Discovering Asia's ceramic development

The Singtai ship (+/- 1550)

Sukhothai underglaze bowl with star motif, diameter 15cm
Side view of the star bowl
Coiled jars, heights 11-15cm, probably from Singburi
Sukhothai covered jar, diameter 10cm
Jar, height 11cm, with lid, diameter 9cm
Sealed jar with four ringhandles, height 14cm

This wreck was discovered in 53 metres of water, 12 nautical miles from the nearest island. Only the surface of the site has been investigated, with a few ceramic artefacts recovered. The ship appears to be of South China Sea type, and approximately 22 metres in length. During the few dives on the site (in very limited visibility), hundreds of large Singburi storage jars were noticed - similar to jars on the Xuande site. These may have been the main cargo.

Some Sukhothai and Sisatchanalai underglaze products were found, but as already noted, no celadon. Maybe blue-and-white, by now being exported in volume from China, had changed the competitive balance and forced the Thais to modify their product?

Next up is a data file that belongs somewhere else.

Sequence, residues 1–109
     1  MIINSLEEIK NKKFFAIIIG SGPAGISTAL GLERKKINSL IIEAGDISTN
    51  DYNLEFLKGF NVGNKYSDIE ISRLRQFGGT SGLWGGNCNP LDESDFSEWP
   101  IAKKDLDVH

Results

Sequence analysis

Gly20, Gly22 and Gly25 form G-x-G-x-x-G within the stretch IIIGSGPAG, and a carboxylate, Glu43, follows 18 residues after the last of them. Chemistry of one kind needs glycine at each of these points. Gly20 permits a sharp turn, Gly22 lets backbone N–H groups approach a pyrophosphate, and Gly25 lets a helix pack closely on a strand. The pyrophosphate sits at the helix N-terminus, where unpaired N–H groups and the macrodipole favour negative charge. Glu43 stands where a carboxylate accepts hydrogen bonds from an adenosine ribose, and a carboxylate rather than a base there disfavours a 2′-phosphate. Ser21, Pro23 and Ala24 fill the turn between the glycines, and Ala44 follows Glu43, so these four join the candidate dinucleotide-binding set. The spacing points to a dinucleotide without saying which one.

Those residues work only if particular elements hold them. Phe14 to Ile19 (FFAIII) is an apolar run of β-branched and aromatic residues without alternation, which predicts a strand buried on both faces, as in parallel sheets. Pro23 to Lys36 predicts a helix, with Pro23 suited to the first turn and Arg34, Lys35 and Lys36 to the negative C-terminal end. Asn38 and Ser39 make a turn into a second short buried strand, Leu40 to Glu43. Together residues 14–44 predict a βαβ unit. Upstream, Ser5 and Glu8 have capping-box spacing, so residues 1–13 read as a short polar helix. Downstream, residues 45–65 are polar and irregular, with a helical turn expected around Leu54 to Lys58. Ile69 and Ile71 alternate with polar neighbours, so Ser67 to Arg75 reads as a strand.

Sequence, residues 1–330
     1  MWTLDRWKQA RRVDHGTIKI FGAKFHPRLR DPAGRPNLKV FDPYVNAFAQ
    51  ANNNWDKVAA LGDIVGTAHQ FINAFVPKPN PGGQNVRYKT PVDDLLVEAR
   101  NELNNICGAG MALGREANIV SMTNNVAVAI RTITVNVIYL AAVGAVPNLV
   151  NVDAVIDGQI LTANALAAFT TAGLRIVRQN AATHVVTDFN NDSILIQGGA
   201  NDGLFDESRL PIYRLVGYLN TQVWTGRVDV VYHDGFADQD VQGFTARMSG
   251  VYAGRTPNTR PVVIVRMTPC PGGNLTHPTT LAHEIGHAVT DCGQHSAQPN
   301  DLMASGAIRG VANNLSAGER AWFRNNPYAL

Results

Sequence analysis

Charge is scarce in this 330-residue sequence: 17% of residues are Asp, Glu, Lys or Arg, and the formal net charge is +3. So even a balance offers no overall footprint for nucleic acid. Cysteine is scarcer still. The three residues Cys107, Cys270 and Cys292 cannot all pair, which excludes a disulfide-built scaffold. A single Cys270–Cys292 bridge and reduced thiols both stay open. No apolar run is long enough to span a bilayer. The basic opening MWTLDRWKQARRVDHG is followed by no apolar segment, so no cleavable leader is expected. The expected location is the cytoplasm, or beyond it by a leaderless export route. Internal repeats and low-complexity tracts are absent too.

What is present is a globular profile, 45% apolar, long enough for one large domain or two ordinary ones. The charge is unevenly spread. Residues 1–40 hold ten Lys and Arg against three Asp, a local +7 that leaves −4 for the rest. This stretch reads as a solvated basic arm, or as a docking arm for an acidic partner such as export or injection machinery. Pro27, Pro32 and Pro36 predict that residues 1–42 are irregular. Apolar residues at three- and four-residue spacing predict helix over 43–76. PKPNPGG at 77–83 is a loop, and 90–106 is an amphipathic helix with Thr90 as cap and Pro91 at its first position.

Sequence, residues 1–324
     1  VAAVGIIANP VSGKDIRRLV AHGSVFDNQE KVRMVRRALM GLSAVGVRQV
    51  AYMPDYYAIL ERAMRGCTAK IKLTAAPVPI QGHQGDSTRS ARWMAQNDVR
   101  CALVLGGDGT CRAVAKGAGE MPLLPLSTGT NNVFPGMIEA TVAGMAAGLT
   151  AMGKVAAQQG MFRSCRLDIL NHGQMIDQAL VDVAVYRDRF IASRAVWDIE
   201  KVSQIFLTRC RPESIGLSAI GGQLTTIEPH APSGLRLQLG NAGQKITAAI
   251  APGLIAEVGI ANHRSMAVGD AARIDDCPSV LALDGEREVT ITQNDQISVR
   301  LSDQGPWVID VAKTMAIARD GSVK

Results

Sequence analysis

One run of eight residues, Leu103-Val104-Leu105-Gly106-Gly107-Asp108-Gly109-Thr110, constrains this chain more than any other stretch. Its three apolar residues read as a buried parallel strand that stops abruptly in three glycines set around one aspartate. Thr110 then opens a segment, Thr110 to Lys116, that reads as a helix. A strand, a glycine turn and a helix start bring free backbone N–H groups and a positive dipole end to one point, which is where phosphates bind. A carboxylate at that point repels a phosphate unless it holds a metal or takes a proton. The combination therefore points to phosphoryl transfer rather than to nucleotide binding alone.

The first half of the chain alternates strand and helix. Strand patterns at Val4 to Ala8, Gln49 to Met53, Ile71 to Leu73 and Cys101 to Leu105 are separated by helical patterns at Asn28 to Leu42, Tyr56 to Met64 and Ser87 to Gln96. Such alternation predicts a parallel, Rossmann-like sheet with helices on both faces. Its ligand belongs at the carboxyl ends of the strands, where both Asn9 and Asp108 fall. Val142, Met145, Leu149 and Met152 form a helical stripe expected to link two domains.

The Singtai could be contemporary with the Xuande, but seems likely to be slightly later. The star motifs on the Sukhothai bowl shown top left, for example, are stamped. Solar whorl designs on other bowls, like those on the Xuande, are hand-painted.

Sisatchanalai underglaze covered boxes (top right) and bottles were found on both ships. No plates or dishes have been found in the Xuande or Singtai cargos.

Some other Sisatchanalai ware on this wreck is unusual. The potiche or covered jar shown bottom right has a brown glaze, which as far as we know has not been seen elsewhere, although the same shape has been found with an opaque white glaze. Some jarlets are spotted with brown glaze. Brown-glazed items from Sisatchanalai had previously been found on the Turiang.

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